Bahrain fire victims to receive payout
Manama, May 29, 2012
Relatives of 10 men who died in a fire at a makeshift labour accommodation on Sunday in Bahrain are entitled to compensation under a Bangladeshi government scheme, said a top official.
Each victim's family will receive BD1,000 ($2,654) since they all travelled to Bahrain on legitimate work visas, Bangladesh Embassy First Secretary Mohammed Ebrahim told our sister publication the Gulf Daily News.
He said the fact that they either overstayed their visas or ran away from their employers would not prevent their relatives from collecting the cash.
"These workers came on a valid Bahraini work visa through legal channels, but because of some reasons their status changed and they overstayed or became irregular," he explained.
He said money was also being raised by members of the Bangladeshi community.
"We will send some money collected through donations when their bodies are repatriated to Bangladesh," added Ebrahim, who visited the scene of the tragedy on Sunday.
The workers were living in two rooms of a property in East Riffa and suffocated after fire broke out near the entrance.
Ebrahim said the men's fingerprints had been taken to verify their identities at the Labour Market Regulatory Authority.
The embassy is preparing to repatriate the bodies to the Comilla district in Bangladesh once the paperwork is complete.
Ebrahim raised the alarm over poor living conditions in Bahrain, saying the accommodation where the fire broke out was not the worst he had seen.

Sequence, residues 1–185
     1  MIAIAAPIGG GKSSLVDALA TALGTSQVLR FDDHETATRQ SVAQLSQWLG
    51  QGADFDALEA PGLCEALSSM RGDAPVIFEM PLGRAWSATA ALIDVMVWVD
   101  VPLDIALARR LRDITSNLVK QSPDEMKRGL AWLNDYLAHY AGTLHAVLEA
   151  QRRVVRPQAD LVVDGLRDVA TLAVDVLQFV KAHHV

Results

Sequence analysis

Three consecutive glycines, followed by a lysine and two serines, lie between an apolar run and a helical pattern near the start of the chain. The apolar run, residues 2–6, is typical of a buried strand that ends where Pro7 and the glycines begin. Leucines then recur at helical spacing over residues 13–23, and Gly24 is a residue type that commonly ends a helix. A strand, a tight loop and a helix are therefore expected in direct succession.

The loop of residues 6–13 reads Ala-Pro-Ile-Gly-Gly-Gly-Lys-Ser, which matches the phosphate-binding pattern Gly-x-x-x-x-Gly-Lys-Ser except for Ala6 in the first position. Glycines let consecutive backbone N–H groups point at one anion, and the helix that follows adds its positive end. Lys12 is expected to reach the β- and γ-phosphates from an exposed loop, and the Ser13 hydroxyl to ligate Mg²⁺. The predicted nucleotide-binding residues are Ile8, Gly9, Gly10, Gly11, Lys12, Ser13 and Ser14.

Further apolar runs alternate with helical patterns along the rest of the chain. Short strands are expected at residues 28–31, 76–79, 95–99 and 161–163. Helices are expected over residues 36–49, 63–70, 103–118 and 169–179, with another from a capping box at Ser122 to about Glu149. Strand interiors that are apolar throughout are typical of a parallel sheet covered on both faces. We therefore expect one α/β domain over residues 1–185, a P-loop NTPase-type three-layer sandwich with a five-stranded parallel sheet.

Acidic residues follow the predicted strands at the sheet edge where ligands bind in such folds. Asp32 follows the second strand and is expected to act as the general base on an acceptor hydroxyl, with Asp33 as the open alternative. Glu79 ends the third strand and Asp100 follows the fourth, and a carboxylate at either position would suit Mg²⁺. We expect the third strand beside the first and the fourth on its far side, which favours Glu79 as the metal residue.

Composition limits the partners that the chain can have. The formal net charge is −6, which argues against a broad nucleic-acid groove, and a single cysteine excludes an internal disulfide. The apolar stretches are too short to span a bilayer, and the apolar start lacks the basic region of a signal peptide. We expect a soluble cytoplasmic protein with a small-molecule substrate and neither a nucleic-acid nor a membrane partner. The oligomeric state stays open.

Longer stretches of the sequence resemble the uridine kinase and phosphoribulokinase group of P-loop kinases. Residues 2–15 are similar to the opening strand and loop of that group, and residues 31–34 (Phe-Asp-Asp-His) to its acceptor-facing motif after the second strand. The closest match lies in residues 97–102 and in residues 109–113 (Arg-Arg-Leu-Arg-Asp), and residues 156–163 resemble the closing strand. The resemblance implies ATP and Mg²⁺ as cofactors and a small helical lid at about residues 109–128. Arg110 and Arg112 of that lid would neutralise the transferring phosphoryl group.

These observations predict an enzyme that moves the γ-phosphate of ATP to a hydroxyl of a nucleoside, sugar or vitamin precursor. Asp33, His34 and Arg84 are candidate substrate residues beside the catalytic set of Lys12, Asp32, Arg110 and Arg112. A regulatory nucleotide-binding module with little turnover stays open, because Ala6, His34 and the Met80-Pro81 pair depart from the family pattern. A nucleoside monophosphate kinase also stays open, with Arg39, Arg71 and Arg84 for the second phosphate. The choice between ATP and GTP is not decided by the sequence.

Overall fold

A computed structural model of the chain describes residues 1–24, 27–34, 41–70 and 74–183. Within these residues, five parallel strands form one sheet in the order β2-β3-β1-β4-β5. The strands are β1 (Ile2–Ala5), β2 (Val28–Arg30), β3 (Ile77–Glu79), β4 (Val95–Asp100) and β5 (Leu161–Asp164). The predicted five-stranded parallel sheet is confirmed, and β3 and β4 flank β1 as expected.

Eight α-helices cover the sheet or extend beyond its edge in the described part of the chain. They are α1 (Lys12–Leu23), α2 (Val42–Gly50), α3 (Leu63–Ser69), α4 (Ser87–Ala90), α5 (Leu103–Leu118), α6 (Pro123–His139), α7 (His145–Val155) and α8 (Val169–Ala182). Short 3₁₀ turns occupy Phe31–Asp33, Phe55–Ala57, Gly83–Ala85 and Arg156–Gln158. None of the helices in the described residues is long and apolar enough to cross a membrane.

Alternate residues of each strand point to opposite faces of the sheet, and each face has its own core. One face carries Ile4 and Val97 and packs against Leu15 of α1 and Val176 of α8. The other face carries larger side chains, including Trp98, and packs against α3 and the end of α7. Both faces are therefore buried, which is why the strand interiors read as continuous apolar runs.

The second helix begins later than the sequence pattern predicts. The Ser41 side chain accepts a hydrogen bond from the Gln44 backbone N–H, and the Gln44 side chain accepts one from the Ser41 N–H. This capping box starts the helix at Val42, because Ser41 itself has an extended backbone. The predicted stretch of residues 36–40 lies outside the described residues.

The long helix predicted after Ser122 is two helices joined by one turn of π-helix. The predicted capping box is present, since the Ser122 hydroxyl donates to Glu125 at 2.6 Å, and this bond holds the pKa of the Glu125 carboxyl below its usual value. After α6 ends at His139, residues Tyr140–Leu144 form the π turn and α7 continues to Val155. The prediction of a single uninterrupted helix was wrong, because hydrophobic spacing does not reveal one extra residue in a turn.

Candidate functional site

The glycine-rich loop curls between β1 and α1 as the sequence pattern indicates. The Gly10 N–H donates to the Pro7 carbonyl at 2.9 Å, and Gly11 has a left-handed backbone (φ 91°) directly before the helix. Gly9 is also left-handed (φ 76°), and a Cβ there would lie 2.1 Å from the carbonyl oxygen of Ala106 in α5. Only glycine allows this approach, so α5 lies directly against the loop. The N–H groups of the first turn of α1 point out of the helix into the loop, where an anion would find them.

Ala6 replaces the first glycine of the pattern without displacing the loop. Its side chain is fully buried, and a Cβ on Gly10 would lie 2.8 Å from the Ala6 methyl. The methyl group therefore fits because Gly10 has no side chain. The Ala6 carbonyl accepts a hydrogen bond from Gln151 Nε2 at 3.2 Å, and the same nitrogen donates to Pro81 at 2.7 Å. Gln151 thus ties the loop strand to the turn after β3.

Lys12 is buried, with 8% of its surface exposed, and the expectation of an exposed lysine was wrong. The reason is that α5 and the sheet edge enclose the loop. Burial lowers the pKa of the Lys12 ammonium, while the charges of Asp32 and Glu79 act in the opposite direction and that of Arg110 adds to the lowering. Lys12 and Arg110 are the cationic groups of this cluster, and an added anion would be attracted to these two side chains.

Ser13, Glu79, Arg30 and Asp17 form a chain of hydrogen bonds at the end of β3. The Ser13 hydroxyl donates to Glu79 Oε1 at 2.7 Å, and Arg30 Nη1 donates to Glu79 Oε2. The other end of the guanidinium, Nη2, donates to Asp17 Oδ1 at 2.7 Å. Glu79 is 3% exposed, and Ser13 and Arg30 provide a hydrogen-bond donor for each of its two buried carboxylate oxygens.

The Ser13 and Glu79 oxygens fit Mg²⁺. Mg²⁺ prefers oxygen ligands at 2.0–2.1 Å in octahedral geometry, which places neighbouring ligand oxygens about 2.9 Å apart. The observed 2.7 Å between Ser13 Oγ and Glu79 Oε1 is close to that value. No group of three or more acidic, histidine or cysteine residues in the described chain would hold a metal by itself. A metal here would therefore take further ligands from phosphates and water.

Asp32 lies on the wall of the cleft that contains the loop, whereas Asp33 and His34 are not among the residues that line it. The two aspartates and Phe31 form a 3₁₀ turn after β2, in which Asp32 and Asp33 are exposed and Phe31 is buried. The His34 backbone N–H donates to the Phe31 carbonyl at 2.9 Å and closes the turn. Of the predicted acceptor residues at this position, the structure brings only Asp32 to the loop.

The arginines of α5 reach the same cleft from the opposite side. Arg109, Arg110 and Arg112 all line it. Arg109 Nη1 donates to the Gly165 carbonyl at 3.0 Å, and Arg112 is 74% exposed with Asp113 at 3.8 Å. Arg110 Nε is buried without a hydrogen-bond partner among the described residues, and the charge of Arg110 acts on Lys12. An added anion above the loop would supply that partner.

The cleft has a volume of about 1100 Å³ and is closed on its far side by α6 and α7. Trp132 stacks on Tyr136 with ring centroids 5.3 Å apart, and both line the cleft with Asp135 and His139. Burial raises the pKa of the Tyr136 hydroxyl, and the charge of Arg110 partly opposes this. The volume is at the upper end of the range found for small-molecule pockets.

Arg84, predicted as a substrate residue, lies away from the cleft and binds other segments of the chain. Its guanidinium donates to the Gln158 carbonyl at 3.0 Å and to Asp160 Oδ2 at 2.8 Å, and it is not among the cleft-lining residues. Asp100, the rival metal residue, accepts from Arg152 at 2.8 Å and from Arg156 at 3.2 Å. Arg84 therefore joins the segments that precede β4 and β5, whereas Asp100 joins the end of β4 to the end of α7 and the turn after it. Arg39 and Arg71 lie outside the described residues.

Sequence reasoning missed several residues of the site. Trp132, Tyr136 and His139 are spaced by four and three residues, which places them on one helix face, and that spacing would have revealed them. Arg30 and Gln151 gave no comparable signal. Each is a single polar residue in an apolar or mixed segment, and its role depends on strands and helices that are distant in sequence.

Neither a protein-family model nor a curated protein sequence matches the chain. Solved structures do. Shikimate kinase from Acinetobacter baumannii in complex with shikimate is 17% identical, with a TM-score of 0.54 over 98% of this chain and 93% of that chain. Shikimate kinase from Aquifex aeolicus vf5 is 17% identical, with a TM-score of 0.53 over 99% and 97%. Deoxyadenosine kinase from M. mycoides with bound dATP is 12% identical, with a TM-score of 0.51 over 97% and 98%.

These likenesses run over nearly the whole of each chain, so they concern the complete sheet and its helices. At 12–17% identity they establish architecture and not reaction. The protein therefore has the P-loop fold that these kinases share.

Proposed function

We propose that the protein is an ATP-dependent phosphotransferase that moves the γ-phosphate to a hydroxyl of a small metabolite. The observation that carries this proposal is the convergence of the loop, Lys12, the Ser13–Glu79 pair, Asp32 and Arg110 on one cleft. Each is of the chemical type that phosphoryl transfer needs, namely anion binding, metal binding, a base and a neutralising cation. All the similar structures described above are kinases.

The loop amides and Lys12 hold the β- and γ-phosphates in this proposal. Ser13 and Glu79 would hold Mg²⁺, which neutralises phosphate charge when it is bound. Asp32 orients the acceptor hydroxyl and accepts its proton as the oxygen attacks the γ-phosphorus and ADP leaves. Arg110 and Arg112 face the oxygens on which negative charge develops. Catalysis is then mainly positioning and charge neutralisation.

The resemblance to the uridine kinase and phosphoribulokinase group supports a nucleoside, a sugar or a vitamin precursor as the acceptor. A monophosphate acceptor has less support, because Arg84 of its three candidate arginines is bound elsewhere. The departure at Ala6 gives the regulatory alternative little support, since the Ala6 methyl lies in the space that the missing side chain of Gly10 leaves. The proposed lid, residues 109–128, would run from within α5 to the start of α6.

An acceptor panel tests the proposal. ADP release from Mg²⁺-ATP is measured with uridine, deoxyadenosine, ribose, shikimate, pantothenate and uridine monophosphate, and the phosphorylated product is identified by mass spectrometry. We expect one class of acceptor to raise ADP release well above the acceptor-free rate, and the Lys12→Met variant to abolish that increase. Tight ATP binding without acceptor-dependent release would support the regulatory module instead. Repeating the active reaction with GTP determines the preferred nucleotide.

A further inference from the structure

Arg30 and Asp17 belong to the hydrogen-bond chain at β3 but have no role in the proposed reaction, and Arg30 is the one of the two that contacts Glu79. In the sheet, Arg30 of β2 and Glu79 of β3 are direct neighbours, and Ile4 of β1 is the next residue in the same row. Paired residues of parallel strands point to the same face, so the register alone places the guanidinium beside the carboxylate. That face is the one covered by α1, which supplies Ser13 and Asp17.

"This is a tragedy and I have been through labour accommodation worst than this flat, especially in parts of old Manama where workers are crammed in rooms," he added. "It is a big problem for us no doubt and also for other nationalities such as Indians, Pakistanis and Sri Lankans. Many are low-income workers ready to save every dinar they earn to send it to their families."
Ebrahim revealed the embassy was now planning campaigns in areas where many Bangladeshis live, raising awareness of safety at labour accommodation.
Indian Community Relief Fund chairman John Iype said his organisation was also planning safety lectures in the coming weeks at labour camps.
"We are planning to hold awareness talks at labour accommodations to create awareness among workers about their living conditions and their safety," he said. "This becomes imperative because of humid conditions and workers living in old houses."
Meanwhile, Bahrain Human Rights Society (BHRS) senior member Dr Abdulla Al Deerazi called on authorities to beef up the number of safety inspectors.
"We have rules and regulations in place, but it is their implementation which is a problem," he said. "The ministry did a good job in banning transportation of workers in open trucks and with the same strict approach it should come down heavily on those who rent out old houses (to workers)." – TradeArabia News Service
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